Archana Chenthil Kumar, Matthew Osborne and Amir Arsalan Tahouni
The substitution of concrete with natural stone in the architecture, engineering and construction industries can reduce CO2 emissions by up to 90%. Throughout the world’s quarries are a large quantity of unusable, fractured, and irregular stone fragments brought about by the explosive and selective nature of extraction processes.
This project questions the necessity of discarding a material with such low embodied energy in an age of advanced digital tools. By exploring new applications of 3D scanning and parametric design workflows, it has begun to develop a methodology that affords the freedom of high precision and precise control over a non-standard material resource.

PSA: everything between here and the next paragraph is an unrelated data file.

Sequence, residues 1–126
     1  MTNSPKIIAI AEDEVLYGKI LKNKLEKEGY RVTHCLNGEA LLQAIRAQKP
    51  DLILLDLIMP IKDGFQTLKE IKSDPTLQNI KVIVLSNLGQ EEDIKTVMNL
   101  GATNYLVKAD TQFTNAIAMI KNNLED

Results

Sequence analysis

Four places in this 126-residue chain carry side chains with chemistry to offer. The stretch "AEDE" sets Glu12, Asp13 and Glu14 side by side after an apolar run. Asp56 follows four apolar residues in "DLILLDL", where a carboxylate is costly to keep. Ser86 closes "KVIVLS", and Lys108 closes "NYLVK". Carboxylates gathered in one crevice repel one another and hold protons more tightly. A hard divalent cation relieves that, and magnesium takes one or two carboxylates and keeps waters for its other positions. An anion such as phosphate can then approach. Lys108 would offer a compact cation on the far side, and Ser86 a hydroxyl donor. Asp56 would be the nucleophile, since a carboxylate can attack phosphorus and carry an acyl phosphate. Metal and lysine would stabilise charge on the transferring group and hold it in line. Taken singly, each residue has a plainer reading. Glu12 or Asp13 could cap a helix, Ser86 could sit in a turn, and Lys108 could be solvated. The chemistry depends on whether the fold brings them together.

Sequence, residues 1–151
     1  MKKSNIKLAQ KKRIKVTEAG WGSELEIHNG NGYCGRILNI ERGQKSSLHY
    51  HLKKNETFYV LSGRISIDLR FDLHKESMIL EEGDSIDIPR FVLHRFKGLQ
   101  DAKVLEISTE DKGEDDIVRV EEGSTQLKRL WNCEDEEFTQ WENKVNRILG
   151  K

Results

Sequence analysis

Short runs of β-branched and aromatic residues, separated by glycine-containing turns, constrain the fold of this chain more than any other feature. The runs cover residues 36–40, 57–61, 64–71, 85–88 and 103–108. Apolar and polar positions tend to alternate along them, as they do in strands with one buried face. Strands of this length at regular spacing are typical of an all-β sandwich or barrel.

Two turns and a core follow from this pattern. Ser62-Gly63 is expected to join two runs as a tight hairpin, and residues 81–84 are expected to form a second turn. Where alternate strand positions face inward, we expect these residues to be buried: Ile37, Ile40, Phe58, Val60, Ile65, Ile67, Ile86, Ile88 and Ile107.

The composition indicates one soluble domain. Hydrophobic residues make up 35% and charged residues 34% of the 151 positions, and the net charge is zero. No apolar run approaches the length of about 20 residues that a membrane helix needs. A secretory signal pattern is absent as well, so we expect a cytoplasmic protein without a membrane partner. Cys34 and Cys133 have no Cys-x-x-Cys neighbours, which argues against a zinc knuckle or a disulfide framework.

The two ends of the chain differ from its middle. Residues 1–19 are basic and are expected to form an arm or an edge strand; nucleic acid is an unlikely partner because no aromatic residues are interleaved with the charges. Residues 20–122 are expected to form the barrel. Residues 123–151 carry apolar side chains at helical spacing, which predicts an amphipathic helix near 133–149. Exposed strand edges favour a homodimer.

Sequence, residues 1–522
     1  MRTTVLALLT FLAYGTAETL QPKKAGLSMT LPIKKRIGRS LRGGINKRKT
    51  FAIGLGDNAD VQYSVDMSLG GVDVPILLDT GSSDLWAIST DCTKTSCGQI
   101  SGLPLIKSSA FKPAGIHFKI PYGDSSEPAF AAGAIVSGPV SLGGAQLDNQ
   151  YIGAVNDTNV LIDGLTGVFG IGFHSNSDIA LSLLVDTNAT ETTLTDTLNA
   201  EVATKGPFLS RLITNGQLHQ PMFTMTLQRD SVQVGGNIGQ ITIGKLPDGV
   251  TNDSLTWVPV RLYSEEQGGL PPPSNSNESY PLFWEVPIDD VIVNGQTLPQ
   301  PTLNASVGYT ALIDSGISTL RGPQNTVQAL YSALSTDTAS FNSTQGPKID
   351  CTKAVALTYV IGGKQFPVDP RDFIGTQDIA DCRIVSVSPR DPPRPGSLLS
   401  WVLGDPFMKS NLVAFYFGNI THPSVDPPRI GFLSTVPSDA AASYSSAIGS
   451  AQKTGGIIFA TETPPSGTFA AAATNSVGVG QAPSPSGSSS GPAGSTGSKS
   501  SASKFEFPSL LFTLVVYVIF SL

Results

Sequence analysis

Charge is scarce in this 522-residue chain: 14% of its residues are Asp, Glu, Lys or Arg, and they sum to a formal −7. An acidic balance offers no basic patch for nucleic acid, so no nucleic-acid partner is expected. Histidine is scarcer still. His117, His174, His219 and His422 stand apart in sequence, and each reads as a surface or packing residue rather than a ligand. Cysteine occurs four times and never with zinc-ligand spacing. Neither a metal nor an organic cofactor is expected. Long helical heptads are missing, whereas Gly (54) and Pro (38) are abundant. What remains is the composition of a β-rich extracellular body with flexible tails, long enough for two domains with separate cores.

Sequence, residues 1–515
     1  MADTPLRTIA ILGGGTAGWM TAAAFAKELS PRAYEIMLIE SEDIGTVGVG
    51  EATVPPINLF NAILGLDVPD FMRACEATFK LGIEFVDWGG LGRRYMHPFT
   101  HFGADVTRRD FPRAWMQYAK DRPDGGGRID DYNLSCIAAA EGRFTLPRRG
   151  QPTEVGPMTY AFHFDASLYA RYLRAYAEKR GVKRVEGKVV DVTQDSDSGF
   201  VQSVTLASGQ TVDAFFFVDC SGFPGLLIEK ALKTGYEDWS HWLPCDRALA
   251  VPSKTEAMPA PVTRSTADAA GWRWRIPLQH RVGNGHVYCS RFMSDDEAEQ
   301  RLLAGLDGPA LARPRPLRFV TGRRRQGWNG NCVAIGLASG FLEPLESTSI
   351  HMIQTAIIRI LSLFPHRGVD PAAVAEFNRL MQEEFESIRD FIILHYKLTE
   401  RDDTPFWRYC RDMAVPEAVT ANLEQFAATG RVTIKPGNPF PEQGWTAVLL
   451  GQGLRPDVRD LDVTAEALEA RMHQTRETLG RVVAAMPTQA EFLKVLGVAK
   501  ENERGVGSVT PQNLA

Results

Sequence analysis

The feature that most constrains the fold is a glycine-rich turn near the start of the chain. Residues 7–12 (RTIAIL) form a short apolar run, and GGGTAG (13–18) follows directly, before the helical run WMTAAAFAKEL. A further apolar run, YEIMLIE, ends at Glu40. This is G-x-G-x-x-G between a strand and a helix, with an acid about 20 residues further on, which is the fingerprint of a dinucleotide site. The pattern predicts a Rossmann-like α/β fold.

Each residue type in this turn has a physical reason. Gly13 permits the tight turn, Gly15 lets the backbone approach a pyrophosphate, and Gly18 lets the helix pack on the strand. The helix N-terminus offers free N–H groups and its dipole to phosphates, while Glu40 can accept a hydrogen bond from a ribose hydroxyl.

Taking a systems-engineering approach, the project defines a series of procedural methods capable of processing, classifying, and cataloguing an array of topological features into a library of scanned objects and optimal orientations.
As each construction unit is unique in form, they require a digital notational system to assemble without construction drawings. An augmented reality application was created to process digital 3D models and their defined sequential construction logic. The app then uses computer vision techniques to detect and recognise the unique silhouette and surface features of an individual unit to instruct its placement within the system.
3. Augmented Assembly.